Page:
Image: NVIDIA

NVIDIA has relied on Samsung to build its GeForce RTX 30 Series GPUs, but those ties are being cut for green team’s next exciting generation of graphics cards.

This is according to prominent leaker kopite7kimi, who has confidently stated that NVIDIA’s GeForce RTX 40 Series will leverage an advanced process from the world’s most successful semiconductor foundry, TSMC. The GeForce RTX 40 Series is expected to be built on TSMC’s 5-nanometer process.

What’s also interesting is that NVIDIA will reportedly release its first GeForce RTX 40 Series graphics cards sooner than expected. Kopite7kimi claims that Ampere’s successors will “come out a little bit earlier,” which suggests that the GeForce RTX 40 Series might surface before September 2022. (NVIDIA began shipping its first GeForce RTX 20 Series and GeForce RTX 30 Series graphics cards on September 20, 2018 and September 17, 2020, respectively.)

NVIDIA’s GeForce RTX 40 Series graphics cards are believed to leverage the new Lovelace architecture and maintain a traditional monolithic design. This is in contrast to AMD, whose Radeon RX 7000 Series will purportedly include radical models with a multi-chip module design.

Source: kopite7kimi

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28 Comments

  1. Hmm..

    4000 series and 3090 Ti Super Special Edition both within a month or two of each other?

    Nah…

  2. [QUOTE=”Auer, post: 40455, member: 225″]
    [SIZE=7][B]Expected to Launch Sooner than Expected[/B][/SIZE]
    [/QUOTE]
    [IMG]https://memegenerator.net/img/instances/71760538/i-never-learned-to-read.jpg[/IMG]

  3. Tip for Nvidia – stockpile for 6 months prior to release. In the mean time, rake in the cash from the 3k series.

  4. So, when was it expected to be expected and when to we expect to expect it? :rolleyes: :rolleyes: :rolleyes:

  5. Its just that the date rumor is rumoured different than the initial rumor.
    These rumors and rumoring can be anything really.
    One thing is not a rumor, it will be fast, overpriced and unavailable.

  6. [QUOTE=”Auer, post: 40455, member: 225″]
    [SIZE=7][B]Expected to Launch Sooner than Expected[/B][/SIZE]
    [/QUOTE]

    I’m glad I’m not the only one that chuckled at that.

    It’s almost like it’s a recursive loop!

  7. Looking forward to it. Maybe I can run full everything at 144hz at 1440p. Without any kind of reverse lowering the image resolution bullshit required.

  8. [QUOTE=”Grimlakin, post: 40474, member: 215″]
    Looking forward to it. Maybe I can run full everything at 144hz at 1440p. Without any kind of reverse lowering the image resolution bullshit required.
    [/QUOTE]
    Depends on the game right?
    I always expect AAA titles that are released after the launch of a new GPU series to challenge the hardware, sometimes bringing it to it’s knees.
    Part of the fun isnt it? 🙂

  9. [QUOTE=”Auer, post: 40485, member: 225″]
    Depends on the game right?
    I always expect AAA titles that are released after the launch of a new GPU series to challenge the hardware, sometimes bringing it to it’s knees.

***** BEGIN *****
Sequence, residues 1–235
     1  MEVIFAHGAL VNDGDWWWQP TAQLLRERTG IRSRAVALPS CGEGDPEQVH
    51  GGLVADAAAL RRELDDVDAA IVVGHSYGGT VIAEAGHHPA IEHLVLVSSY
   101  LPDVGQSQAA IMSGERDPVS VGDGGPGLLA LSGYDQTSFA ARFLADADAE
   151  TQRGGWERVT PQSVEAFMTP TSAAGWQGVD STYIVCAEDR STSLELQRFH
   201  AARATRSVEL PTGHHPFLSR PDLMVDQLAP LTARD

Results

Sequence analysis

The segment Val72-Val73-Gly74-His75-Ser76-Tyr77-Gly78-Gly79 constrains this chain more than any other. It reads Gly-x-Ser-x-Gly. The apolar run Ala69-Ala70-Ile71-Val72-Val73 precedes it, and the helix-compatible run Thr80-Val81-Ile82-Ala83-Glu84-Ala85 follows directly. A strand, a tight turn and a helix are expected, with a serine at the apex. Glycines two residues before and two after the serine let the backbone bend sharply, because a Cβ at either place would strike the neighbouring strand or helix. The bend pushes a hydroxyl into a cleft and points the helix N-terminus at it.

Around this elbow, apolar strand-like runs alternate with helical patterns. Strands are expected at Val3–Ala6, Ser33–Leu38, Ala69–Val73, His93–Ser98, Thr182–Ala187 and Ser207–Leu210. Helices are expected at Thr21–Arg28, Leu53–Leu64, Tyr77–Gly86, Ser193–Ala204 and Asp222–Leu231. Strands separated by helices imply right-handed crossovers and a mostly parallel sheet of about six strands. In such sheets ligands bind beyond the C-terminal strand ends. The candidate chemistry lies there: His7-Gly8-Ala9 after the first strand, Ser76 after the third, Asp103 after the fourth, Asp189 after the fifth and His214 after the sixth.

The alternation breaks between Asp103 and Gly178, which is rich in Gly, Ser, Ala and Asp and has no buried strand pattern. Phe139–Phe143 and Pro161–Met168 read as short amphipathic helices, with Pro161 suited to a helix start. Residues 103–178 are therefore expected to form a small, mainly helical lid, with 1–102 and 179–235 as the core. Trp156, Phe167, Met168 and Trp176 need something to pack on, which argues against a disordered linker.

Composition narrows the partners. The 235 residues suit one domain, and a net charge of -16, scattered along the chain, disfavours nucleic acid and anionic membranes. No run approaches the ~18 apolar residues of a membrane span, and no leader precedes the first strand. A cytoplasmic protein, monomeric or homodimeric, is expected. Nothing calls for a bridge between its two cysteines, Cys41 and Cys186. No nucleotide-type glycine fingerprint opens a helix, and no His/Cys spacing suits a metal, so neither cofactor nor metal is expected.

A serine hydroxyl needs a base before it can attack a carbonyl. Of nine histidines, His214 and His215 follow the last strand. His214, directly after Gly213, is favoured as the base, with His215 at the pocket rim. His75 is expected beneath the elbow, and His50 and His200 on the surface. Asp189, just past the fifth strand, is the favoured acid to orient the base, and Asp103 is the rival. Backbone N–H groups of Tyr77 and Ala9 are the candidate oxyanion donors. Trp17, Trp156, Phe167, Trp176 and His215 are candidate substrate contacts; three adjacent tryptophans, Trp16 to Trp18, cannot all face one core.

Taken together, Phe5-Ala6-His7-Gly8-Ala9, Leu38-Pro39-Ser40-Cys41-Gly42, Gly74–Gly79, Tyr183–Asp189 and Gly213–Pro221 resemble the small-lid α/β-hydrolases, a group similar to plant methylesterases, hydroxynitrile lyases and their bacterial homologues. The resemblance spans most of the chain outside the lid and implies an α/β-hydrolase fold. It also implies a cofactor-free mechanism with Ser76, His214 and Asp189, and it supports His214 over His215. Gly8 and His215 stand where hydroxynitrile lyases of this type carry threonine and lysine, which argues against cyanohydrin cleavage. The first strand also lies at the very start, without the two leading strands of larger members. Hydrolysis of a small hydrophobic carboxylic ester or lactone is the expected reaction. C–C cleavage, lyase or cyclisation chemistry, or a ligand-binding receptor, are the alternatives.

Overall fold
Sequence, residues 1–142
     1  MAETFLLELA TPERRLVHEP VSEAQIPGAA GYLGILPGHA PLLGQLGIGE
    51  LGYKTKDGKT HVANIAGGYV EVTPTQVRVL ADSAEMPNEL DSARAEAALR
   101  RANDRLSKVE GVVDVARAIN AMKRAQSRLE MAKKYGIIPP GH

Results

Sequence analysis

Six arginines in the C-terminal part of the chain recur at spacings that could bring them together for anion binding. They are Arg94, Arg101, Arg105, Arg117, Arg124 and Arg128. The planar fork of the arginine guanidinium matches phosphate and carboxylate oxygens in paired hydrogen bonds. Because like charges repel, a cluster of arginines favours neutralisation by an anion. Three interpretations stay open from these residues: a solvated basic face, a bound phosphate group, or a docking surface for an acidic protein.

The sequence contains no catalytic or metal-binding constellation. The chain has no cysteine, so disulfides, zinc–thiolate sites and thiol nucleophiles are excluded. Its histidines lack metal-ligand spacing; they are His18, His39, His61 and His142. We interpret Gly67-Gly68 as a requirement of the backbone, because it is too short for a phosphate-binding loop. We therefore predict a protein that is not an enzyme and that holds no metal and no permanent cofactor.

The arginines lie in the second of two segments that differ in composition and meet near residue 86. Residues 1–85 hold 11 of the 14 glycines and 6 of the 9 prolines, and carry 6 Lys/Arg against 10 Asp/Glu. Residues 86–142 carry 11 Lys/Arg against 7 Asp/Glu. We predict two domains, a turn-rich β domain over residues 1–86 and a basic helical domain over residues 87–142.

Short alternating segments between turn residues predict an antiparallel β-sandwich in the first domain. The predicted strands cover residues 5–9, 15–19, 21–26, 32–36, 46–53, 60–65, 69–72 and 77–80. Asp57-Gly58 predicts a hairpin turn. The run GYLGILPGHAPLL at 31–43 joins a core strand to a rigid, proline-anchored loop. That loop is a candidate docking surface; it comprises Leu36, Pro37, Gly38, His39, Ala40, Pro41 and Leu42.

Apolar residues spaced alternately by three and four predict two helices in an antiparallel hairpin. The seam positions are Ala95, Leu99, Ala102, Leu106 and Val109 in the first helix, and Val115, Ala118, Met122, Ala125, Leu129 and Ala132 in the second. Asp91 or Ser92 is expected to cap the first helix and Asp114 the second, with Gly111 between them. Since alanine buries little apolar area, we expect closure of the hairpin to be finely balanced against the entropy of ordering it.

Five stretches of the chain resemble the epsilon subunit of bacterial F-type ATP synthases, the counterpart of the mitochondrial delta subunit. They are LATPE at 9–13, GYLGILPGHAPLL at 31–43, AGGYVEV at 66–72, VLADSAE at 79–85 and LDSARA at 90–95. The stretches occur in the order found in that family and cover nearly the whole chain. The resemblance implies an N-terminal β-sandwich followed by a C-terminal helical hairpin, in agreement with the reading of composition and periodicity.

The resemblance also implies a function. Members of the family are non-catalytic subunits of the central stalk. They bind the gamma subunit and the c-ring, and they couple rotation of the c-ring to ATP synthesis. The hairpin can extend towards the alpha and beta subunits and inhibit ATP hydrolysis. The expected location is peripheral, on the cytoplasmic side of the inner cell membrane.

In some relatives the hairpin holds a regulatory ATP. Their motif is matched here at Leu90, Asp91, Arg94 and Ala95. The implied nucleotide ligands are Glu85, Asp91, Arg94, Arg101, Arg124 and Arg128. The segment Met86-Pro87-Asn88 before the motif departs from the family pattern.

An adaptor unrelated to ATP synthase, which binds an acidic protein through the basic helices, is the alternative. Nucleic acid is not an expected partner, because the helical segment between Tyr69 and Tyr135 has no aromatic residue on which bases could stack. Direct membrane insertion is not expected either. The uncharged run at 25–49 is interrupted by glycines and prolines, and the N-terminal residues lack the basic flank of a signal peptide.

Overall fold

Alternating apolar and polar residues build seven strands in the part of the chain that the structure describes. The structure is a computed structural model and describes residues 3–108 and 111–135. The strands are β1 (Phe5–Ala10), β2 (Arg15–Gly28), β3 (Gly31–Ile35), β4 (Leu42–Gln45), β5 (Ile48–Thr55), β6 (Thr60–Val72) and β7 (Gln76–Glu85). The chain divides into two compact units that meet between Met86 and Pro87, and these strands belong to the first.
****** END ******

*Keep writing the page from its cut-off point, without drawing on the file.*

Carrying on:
Part of the fun isnt it? 🙂
    [/QUOTE]
    Yes it is. I normally get 1 step down from top of the line video card card I refresh just so I don’t pay the stupid high premium. Hence why I also game at 1440p. Then again in super slow on upgrading monitors.

  10. I can only barely even imagine how pointless this next release will be. Sure the performance will be through the roof but I honestly don’t see an end to scalping until people can easily buy what they want and according to NV the current supply issues will last until this ‘sooner than expected’ launch and I’m pretty sure even longer.

    My real questions are where are all these cards going? Between the mining crackdown in China, and the LHR versions, shouldn’t we be seeing more inventory? Granted the LHRs can be hacked but even then it’s not that impressive when done. So once again, where is all this supposed inventory going?

    Meanwhile BB had something like 12,000 cards(mostly FE from what I read) they sent to select stores last week as if 12,000 spread across the US should be anything meaningful. That’s not enough for one state let alone multiple ones. I was reading a post in a thread on the weekend how a writer for Tom’s went to one of the stores in Colorado and said the folks in those lines didn’t exactly seem to be the gaming variety either. Obviously shouldn’t judge a book by its cover but he said they looked pretty rough around the edges and not exactly the types who would answer questions on what they planned to do with the cards.

  11. [QUOTE=”Peter_Brosdahl, post: 40534, member: 87″]

    My real questions are where are all these cards going? Between the mining crackdown in China, and the LHR versions, shouldn’t we be seeing more inventory? Granted the LHRs can be hacked but even then it’s not that impressive when done. So once again, where is all this supposed inventory going?